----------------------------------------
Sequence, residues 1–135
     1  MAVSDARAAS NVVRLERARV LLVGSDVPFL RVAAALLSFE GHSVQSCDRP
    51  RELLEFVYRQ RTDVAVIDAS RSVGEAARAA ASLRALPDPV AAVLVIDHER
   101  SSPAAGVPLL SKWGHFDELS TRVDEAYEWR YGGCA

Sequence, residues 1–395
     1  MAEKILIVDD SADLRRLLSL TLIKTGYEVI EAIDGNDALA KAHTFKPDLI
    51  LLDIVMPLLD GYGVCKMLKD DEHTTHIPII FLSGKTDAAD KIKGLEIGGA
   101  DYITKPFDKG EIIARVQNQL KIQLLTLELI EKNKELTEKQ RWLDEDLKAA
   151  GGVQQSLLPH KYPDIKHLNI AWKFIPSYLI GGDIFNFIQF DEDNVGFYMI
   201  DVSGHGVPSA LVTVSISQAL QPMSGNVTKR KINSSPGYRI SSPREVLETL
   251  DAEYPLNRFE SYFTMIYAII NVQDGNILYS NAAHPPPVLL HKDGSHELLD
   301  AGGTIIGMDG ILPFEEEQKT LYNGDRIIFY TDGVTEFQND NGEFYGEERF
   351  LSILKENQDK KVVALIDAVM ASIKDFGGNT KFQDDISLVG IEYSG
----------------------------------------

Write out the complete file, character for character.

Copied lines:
Sequence, residues 1–135
     1  MAVSDARAAS NVVRLERARV LLVGSDVPFL RVAAALLSFE GHSVQSCDRP
    51  RELLEFVYRQ RTDVAVIDAS RSVGEAARAA ASLRALPDPV AAVLVIDHER
   101  SSPAAGVPLL SKWGHFDELS TRVDEAYEWR YGGCA

Sequence, residues 1–395
     1  MAEKILIVDD SADLRRLLSL TLIKTGYEVI EAIDGNDALA KAHTFKPDLI
    51  LLDIVMPLLD GYGVCKMLKD DEHTTHIPII FLSGKTDAAD KIKGLEIGGA
   101  DYITKPFDKG EIIARVQNQL KIQLLTLELI EKNKELTEKQ RWLDEDLKAA
   151  GGVQQSLLPH KYPDIKHLNI AWKFIPSYLI GGDIFNFIQF DEDNVGFYMI
   201  DVSGHGVPSA LVTVSISQAL QPMSGNVTKR KINSSPGYRI SSPREVLETL
   251  DAEYPLNRFE SYFTMIYAII NVQDGNILYS NAAHPPPVLL HKDGSHELLD
   301  AGGTIIGMDG ILPFEEEQKT LYNGDRIIFY TDGVTEFQND NGEFYGEERF
   351  LSILKENQDK KVVALIDAVM ASIKDFGGNT KFQDDISLVG IEYSG